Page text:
We recognize the importance of this new turn toward civic engagement, believing that we must “promote civic engagement and encourage public moral discourse, by cultivating hospitable spaces for reflection and by bringing diverse people and perspectives into conversation” (Lynn and Wisely, p. 217). We engage in this type of work by having an explicit commitment to publicly engaged scholarship, as evidenced by our long-term involvement in a critical service-learning initiative, “Bringing Learning to Life,” held in the U.S. Midwest between 2010 and 2015.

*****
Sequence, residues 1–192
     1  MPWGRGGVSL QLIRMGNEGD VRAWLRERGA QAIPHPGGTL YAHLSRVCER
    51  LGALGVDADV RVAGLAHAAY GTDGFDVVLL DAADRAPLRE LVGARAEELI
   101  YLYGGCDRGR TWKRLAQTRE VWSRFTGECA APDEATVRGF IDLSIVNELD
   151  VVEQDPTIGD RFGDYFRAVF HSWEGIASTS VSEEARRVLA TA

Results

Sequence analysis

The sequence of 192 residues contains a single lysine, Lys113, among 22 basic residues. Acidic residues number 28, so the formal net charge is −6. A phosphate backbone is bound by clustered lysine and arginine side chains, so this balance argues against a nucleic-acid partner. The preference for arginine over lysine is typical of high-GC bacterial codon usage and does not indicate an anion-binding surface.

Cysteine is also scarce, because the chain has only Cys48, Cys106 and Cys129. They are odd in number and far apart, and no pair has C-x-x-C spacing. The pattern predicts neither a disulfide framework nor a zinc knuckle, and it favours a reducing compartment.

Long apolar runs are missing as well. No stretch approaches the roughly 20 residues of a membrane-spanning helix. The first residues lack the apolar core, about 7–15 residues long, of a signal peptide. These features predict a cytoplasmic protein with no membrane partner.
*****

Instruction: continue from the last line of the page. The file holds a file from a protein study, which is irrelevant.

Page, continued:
For us, Lynn and Wisely’s assessments of philanthropic traditions are applicable to education, especially in the context of service-learning. According to Jeavons (1995), service-learning is a pedagogical approach “that involves students in activities that both provide service to a community and engage students in an experience where they acquire knowledge, skills or perspectives that broaden and deepen their understanding of a particular concept or subject matter” (p. 135). Service-learning has been shown to encourage a range of benefits including: having a positive impact on participants’ civic identities (Pascarella & Terenzini, 2005; Weiler, 2013, Snell, Chan, Ma & Chan, 2015); creating opportunities for participants to be active within communities (Melchior & Bailis, 2002; Ohn & Wade, 2009); and encouraging rich collaborations between schools and community organizations that positively impact student growth (Kinloch, Nemeth, & Patterson, 2015; Kinloch & Smagorinsky, 2014). Like Lynn and Wisely, Hart (2006) identifies particular benefits of traditional service-learning while also noting its limitations and a need for a new way of engaging participants in critical service-learning projects. Because traditional service-learning projects do not necessarily interrogate inequitable power structures that result from unmet social needs, Hart argues that traditional service-learning treats the symptoms of social inequalities without fully seeking to eradicate them (see also Jones, Maloy & Steen, 1996; Butin, 2003; Nemeth et. al, 2015). As with traditional approaches to philanthropy, traditional service-learning does not require critical examination of institutionally reinforced inequalities. Instead, such approaches reinforce “a view of social problems as unfortunate, possibly deserved, outcomes that can be overcome by caring individuals” (Hart, 2006, p. 23). Hart supports critical service-learning as a pedagogical approach that enhances traditional service-learning. When engaged in critical service-learning projects, participants seek to affect social issues positively and to work on disrupting the structurally rooted causes of those issues. Hart notes that a foundational requirement of critical service-learning is the reciprocal nature of relationships in which “one member of the partnership is not privileged over another” and “all members of the partnership experience benefits” (p. 27). Only through an examination of educational inequities and social inequalities will people come to better understand how they fit—or do not fit—into such systems. Important to this work is an articulated focus on relationships and engagement.